According to QAR Project Chief Conservator Sarah Watkins-Kenney, most of the pioneering work on using sacrificial anodes on underwater archaeological objects like cannons and metal hulls was done by scientists and conservators in Australia at the Western Australian Museum. Her team is testing whether attaching anodes to large iron artifacts on the Queen Anne’s Revenge can slow the rate of corrosion. They also are looking to see if the strategy is a viable option in the high-surge, low-visibility environment in which the wreck rests. In 2008, her team attached anodes to an anchor and two cannons. The two cannons that came up recently received theirs in 2012.

“If you’re trying to monitor what is still in the ocean as well as what has already come up, then this is a proposed technique to do it,” Watkins-Kenney says. “But is it something we can actually do? Is it worth the effort? That is part of what this help from Sea Grant is helping to assess.”

The answer so far seems to be both yes and no. Attempts to monitor the corrosion rate on the seafloor, which involves drilling a small hole through the layer of shell and sand attached to the iron and inserting a sensor proved to be too difficult to perform while underwater at the wreck site during the June field season.

But conservator Shanna Daniel is optimistic about some of the readings they have been able to get in previous years under more favorable conditions.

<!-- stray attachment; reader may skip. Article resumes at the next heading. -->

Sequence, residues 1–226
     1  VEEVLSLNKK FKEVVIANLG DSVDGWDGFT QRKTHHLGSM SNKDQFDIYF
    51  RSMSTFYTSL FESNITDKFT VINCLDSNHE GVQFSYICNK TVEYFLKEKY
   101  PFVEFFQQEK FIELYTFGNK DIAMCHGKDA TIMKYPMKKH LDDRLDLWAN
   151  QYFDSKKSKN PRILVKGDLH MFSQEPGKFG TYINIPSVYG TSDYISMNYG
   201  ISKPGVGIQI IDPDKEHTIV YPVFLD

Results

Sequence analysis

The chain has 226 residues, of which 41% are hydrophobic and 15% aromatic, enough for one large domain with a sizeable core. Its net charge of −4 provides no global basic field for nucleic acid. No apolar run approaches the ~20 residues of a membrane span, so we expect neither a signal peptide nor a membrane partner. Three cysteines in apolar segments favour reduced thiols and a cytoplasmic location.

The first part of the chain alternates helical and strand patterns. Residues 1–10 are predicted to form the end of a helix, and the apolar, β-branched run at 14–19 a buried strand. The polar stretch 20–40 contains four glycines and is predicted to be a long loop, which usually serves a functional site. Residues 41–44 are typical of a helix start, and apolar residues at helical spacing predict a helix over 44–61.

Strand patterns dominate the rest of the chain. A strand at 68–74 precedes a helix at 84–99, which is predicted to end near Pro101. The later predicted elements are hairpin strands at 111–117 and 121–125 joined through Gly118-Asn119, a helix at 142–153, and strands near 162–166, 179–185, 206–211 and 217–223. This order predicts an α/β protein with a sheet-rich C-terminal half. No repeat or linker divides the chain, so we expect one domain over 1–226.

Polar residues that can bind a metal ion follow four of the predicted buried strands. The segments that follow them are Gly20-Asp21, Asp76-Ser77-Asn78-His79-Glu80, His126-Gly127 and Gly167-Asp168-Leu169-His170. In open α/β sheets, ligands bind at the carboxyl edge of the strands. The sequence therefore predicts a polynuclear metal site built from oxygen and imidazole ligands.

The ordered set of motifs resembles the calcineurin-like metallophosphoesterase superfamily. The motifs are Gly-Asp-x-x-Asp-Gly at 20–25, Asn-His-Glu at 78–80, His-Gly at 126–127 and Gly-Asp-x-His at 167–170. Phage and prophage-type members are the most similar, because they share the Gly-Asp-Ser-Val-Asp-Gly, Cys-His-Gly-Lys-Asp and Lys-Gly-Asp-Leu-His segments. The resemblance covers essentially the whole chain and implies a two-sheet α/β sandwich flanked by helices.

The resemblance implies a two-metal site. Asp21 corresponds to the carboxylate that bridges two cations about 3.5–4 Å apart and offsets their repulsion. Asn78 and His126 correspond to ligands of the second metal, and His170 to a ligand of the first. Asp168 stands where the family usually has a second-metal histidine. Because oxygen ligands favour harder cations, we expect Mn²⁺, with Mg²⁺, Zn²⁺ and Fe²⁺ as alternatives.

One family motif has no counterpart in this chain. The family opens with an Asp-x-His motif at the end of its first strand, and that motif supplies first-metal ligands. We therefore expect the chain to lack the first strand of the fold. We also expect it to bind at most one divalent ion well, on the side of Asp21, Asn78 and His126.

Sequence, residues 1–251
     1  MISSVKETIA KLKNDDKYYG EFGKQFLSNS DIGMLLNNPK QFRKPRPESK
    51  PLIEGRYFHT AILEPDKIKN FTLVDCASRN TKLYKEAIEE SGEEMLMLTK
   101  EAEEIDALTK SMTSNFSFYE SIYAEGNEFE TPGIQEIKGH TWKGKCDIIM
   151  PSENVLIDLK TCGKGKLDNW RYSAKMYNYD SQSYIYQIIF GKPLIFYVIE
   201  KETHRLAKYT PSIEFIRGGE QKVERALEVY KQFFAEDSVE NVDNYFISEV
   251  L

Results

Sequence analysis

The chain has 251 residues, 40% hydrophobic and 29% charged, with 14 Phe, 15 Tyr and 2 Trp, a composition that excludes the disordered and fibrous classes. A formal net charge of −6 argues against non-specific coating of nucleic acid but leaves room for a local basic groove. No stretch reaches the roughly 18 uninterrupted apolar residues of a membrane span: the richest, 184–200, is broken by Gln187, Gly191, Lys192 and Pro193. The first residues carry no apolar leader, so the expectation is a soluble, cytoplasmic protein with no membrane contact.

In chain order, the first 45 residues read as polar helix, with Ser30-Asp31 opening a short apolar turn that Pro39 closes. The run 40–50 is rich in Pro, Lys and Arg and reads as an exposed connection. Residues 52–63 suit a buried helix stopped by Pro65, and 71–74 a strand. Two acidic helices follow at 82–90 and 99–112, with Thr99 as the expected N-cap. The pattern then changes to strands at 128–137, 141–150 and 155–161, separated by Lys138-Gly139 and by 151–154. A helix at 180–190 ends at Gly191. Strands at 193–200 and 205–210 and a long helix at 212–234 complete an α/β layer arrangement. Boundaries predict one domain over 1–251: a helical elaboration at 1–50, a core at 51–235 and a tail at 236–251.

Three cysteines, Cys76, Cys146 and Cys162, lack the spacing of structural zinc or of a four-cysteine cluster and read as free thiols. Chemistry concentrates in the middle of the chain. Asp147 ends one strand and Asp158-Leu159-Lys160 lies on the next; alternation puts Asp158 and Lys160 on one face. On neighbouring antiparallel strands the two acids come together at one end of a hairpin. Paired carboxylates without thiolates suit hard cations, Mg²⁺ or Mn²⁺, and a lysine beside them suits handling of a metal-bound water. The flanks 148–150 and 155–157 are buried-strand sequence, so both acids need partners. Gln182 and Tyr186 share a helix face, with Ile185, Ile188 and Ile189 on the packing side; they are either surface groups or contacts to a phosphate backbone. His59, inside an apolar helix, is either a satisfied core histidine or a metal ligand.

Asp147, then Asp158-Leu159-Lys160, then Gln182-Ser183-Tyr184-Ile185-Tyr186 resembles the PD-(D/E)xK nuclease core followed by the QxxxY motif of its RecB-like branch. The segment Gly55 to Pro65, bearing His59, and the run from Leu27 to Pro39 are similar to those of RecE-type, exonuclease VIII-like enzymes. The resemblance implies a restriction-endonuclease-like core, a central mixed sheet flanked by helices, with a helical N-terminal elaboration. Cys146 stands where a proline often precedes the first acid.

As she looks on, her teammate, Daniel Bera, uses a pneumatic drill to expose a small bit of the cannon’s metal, now resting in a trailer waiting to be driven back to the N.C. Department of Cultural Resources QAR Project Conservation Laboratory at East Carolina University. Conservator Kim Kenyon hands Bera what looks like a disposable pen connected by a wire to a monitor on Daniel’s lap. Bera inserts the device into the hole.

“We are measuring the pH and the electropotential,” Daniel says. “This will allow us to see if the anode is pacifying the corrosion or if it is actually making it active. … So far, what we’ve been seeing has been showing that it has been working.”


Research from other wrecks suggests that anodes may help with another problem, besides corrosion, facing conservation of large iron artifacts. While on the seafloor, positively charged iron attracts negative chloride ions in the seawater.

Over time, the ions embed themselves deep within the iron. At high concentrations, they promote corrosion. If the artifact is allowed to dry while the salts remain, they crystallize, increasing in volume and fracturing the iron.

Iron artifact with a level of concretion.

In the marine environment, iron artifacts form a layer of concretion that can incorporate neighboring objects. Photo courtesy N.C. Department of Cultural Resources.

Currently, removal of the salts takes a lot of time and space. The QAR lab in Greenville is one of the largest marine conservation labs in the country. Yet, with 12 cannons and at least two anchors still to be recovered, its warehouse is nearly full with large iron artifacts going through the conservation process.